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Sydney Symphony Orchestra

An orchestra of world standing 

Founded in 1932 by the Australian Broadcasting Commission, the Sydney Symphony Orchestra is an orchestra of world standing and one of the leading orchestras in the Asia-Pacific region. The Sydney Symphony performs approximately 150 concerts each year to an annual audience of more than 350,000. The Orchestra not only performs core symphonic repertoire but engages in collaborations with other art forms and commissions new works by Australian and international composers to ensure the vibrancy of orchestral music for generations to come. 

“This is an orchestra worthy of sharing the international stage with America and Europe’s finest.”
Limelight Magazine

Take a new journey with Sydney Symphony Orchestra's 2021 Season

Nothing’s more uplifting than live music. 

This is the spirit behind the Sydney Symphony Orchestra’s 2021 Season – an opportunity to stand by Australian talent as the Sydney Symphony celebrate all the places only music can take you.

On our way, we’ll travel round the world and up to the present day. From Vienna’s golden age and radical Romanticism, to Russian resistance and 21st century post-minimalism. These are shared stories told through music – a season starring world-class artists from both home and abroad.

Sydney Symphony Orchestra 2021 Season

Nothing’s more uplifting than live music. This is the spirit behind the Sydney Symphony Orchestra’s 2021 Season – an opportunity to stand by Australian talent as the Sydney Symphony celebrate all the places only music can take you.

Meet the Sydney Symphony Musicians
 


Kees Boersma

Principal Double Bass

So, why the white tie?

It’s a fair question. And it’s one we get asked a lot. The short answer is that the cut of this outfit makes everyone look good. But for me, there’s more to it than meets the eye. It does have history – form, if you will. Symphony orchestras (as we know them now) roared into existence in early 19th-century Europe, and the art of stepping out and going to the theatre demanded formal dress of everyone attending, including musicians. So, there’s the historical link. Tradition duly acknowledged.

After decades as a professional musician, I no longer think about the outfit as formal or overly fancy. It now means something else. The fact that we all dress in monochrome and the same style (female members of the orchestra being allowed some small, expressive latitude) speaks to the idea that we’re united in music – and united around its performance. Music is front and centre and all of us – musicians and audience members – become some part of that music.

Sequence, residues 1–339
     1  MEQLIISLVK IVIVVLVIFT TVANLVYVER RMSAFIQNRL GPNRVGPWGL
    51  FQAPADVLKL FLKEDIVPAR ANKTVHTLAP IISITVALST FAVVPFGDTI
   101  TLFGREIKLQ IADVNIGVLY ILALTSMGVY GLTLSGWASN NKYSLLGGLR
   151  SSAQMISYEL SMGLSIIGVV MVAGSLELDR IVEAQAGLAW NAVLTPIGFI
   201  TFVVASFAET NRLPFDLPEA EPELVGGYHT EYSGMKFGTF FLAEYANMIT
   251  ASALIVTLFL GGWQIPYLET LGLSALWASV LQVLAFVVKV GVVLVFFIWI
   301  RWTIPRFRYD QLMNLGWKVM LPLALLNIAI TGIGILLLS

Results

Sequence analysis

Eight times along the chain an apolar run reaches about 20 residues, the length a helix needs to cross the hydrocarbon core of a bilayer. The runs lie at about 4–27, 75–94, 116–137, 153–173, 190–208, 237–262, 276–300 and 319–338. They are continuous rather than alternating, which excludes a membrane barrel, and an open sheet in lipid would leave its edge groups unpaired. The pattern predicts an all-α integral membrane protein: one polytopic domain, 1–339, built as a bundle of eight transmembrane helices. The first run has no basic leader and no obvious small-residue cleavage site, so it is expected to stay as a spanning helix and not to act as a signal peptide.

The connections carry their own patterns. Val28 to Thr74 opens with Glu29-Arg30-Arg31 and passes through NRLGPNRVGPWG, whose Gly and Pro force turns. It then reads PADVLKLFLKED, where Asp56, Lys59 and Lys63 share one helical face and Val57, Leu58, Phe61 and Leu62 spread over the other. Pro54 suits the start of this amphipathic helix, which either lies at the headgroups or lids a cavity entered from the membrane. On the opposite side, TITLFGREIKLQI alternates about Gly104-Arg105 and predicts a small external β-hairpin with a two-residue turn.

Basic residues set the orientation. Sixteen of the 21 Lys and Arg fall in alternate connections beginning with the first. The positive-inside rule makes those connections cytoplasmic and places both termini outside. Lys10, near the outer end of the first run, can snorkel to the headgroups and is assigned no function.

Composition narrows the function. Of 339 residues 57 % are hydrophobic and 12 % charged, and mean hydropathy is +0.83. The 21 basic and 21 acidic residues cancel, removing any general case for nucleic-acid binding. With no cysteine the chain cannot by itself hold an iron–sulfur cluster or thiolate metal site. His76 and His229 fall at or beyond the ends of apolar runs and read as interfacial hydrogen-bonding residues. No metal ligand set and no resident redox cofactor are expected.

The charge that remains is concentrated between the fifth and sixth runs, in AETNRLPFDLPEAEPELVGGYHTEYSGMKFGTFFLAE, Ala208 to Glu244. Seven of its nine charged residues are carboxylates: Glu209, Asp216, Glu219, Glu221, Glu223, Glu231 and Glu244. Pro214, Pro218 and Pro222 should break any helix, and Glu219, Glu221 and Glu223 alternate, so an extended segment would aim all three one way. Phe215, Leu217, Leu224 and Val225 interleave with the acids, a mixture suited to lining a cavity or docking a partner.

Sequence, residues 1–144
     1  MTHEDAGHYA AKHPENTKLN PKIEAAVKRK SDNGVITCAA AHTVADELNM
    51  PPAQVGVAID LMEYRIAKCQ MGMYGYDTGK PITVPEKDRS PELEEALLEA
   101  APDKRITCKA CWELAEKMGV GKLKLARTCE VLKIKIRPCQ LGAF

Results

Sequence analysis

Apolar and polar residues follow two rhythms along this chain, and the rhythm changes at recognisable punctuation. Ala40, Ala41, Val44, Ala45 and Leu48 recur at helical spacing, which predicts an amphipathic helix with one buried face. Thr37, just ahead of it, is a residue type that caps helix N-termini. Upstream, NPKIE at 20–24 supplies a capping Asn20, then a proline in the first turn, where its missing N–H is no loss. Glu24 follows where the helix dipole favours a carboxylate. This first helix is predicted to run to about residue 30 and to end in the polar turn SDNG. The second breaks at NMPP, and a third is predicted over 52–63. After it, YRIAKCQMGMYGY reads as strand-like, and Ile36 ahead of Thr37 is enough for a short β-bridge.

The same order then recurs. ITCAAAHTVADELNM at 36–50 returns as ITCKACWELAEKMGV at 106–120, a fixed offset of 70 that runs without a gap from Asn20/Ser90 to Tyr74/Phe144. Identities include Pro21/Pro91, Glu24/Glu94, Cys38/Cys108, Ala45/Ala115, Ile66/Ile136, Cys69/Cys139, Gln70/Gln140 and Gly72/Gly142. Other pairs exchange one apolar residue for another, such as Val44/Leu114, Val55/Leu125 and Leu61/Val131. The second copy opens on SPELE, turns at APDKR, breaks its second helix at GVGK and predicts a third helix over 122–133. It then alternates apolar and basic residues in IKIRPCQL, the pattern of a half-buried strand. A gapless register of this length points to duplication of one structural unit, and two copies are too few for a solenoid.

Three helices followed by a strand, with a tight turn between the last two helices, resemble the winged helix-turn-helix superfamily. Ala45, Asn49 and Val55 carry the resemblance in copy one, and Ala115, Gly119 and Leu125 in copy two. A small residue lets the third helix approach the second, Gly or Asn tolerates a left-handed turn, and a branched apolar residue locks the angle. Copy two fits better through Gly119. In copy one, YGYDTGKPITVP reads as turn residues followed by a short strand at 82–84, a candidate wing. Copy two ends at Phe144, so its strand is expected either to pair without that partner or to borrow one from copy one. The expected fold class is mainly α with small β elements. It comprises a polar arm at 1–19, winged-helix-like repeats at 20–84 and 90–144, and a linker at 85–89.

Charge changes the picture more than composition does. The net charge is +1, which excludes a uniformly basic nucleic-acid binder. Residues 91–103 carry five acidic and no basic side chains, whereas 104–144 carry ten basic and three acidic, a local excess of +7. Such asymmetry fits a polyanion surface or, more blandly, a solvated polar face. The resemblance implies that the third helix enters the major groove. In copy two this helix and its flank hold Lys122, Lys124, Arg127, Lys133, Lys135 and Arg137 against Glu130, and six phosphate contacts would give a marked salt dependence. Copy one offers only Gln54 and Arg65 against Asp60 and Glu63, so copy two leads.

So, there you have it. White tie – in honour of the music and of you, our audience. Incidentally, when you join us at a performance you're welcome to wear whatever you want.


Claire Herrick

First Violin

Shared energy

There’s always a moment when we’re playing on the Concert Hall stage when I think ‘Wow!’. There could be around 100 or 120 of us, all playing as one. The sheer number and variety of instruments in an orchestra is magnificent, but what is extraordinary and awe-inspiring is the sound we make. Our whisper is as powerful as our roar.

The music creates an energy as it leaves our instruments and flows among our audience. And as you, in the audience, hear and absorb it, I feel that energy reflected back to me on stage. Though we may come together in the same hall that evening as strangers, from the first notes there’s a connection that makes all of us a community – united by the same thing. Music.

And it needn’t just be in concert halls. I see school kids experiencing the sights and sound of our orchestra – perhaps for the first time – in wide-eyed wonder; I feel the joy music brings to patients in hospitals, the warm welcome of country audiences when we tour, or just the relaxation and joy on a balmy Sydney summer evening at an outdoor concert. Together we create and share in this wonderful energy together. There are so many ‘Wow’ moments.